For most people, getting enough vitamin B-12 isn’t an issue. Processed foods are often fortified with cyanocobalamin, a synthetic form of the nutrient. Still, many people are deficient in this vitamin because cyanocobalamin–and many other forms of B-12, for that matter–is not highly absorbable. Veganism, age, gastric surgery, gastrointestinal disorders, and pernicious anemia are all factors that can reduce B-12 absorption. In most cases, a B-12 supplement is needed to replenish stores. The two most popular B-12 supplements are cyanocobalamin and methylcobalamin. Which one should you choose? Here are some facts to help you decide.
What is B-12?
Vitamin B-12 is essential for DNA synthesis, brain and nervous system function, and red blood cell formation. It’s also essential for heart health as it aids in the breakdown of homocysteine, an amino acid associated with cardiovascular disease. Although required for proper metabolic function, the human body does not create this vitamin and must obtain it through dietary sources. The most common sources include fish, liver, beef, eggs, cheese, and poultry.
Vitamin B-12 Metabolic Pathway
Similar to other nutrients, B-12 cannot survive stomach acid. Vitamin B-12 in particular requires intrinsic factor, a glycoprotein produced by the parietal cells of the stomach and salivary glands. Intrinsic factor allows B-12 to pass through the stomach and into the small intestine. Once there, intrinsic factor is dissolved and B-12 binds with another protein, transcobalamin II, for transit into the blood. 
Why is Methylcobalamin Absorbed the Best?
Methylcobalamin and adenosylcobalamin are the two natural, active forms of vitamin B-12. Methylcobalamin specifically absorbs easily since it is the principal circulating form of B-12. As the circulating form, it can cross into the bloodstream sublingually; however, only about 1% of the ingested dose is absorbed. Methylcobalamin is the most bioavailable form, as this form requires little to no conversion and crosses easily through every aspect of B-12’s metabolic pathway.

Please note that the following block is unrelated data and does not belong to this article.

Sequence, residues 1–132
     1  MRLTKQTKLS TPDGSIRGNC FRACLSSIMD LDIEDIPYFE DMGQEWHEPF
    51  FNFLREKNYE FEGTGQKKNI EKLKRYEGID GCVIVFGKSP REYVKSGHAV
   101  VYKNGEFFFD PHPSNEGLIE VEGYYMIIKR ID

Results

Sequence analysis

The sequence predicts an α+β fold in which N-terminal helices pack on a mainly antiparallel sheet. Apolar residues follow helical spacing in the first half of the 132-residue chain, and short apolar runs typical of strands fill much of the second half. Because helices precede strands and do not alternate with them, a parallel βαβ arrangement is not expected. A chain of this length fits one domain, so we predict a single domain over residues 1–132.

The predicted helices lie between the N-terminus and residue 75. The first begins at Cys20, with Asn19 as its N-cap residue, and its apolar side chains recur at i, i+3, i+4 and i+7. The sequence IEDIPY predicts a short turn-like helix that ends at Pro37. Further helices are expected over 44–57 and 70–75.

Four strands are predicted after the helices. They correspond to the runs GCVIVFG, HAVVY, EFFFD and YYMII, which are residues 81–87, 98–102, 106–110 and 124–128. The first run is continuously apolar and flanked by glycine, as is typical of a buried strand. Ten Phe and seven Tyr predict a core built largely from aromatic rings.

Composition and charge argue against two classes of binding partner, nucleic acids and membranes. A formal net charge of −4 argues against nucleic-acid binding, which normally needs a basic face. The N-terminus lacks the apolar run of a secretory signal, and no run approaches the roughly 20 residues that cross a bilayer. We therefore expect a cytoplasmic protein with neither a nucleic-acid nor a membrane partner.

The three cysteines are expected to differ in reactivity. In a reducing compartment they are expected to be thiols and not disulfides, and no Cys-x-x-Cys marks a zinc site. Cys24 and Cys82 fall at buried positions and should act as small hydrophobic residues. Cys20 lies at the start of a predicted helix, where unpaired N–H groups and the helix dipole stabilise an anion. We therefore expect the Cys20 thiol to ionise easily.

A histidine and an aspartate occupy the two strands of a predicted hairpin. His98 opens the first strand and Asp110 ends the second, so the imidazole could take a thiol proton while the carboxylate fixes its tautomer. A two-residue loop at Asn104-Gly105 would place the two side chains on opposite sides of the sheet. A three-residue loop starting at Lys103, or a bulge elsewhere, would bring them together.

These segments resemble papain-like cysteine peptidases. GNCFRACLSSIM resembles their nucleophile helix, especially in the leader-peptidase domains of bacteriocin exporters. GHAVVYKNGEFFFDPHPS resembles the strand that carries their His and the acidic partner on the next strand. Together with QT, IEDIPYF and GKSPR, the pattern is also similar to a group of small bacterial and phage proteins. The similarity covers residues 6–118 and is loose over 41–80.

Does Methylcobalamin Promote Better Health?
Methylcobalamin does not require a methyl group from the body for absorption, saving metabolic energy and cellular resources. The body uses methyl groups to stabilize free radicals and remove toxins, so it is crucial that we’re doing all we can to reserve these groups. Methylation also plays a role in protecting the brain. Methyl groups reduce the impact of dietary glutamate, a non-essential protein known to cause neural damage. So, using methylcobalamin allows the body to retain its ever-so-important methyl groups for toxin removal and health support.
Researchers have identified methylcobalamin as the preferred form of B-12 supplementation for patients with impaired kidney function,  and according to a double-blind study, methylcobalamin also aids in relieving sleep disorders. 
One Final Thought
Vitamin B-12 is essential for life. For anyone who needs to supplement with B-12, methylcobalamin offers a highly-efficient option. The fact that it adds methyl groups and encourages proper methylation may be ideal for many who may already be suffering from symptoms of B-12 deficiency. The European Food Safety Authority reports that the combination of methylcobalamin and adenosylcobalamin is the best and safest representation of naturally occurring vitamin B-12. Consider taking a supplement like VeganSafe™ B-12 (which has 80% methylcobalamin and 20% adenosylcobalamin). Have you used methylcobalamin or adenosylcobalamin? Please share how it has affected your life.
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Everything You Need to Know About Vitamin B-12
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- Quadros EV. Advances in the understanding of cobalamin assimilation and metabolism. Br J Haematol. 2010 Jan;148(2):195-204. doi: 10.1111/j.1365-2141.2009.07937.x.
- Spence JD. B vitamin therapy for homocysteine: renal function and vitamin B12 determine cardiovascular outcomes. Clin Chem Lab Med. 2013 Mar 1;51(3):633-7. doi: 10.1515/cclm-2012-0465.
- Takahashi K1, Okawa M, Matsumoto M, et al. Double-blind test on the efficacy of methylcobalamin on sleep-wake rhythm disorders. Psychiatry Clin Neurosci. 1999 Apr;53(2):211-3.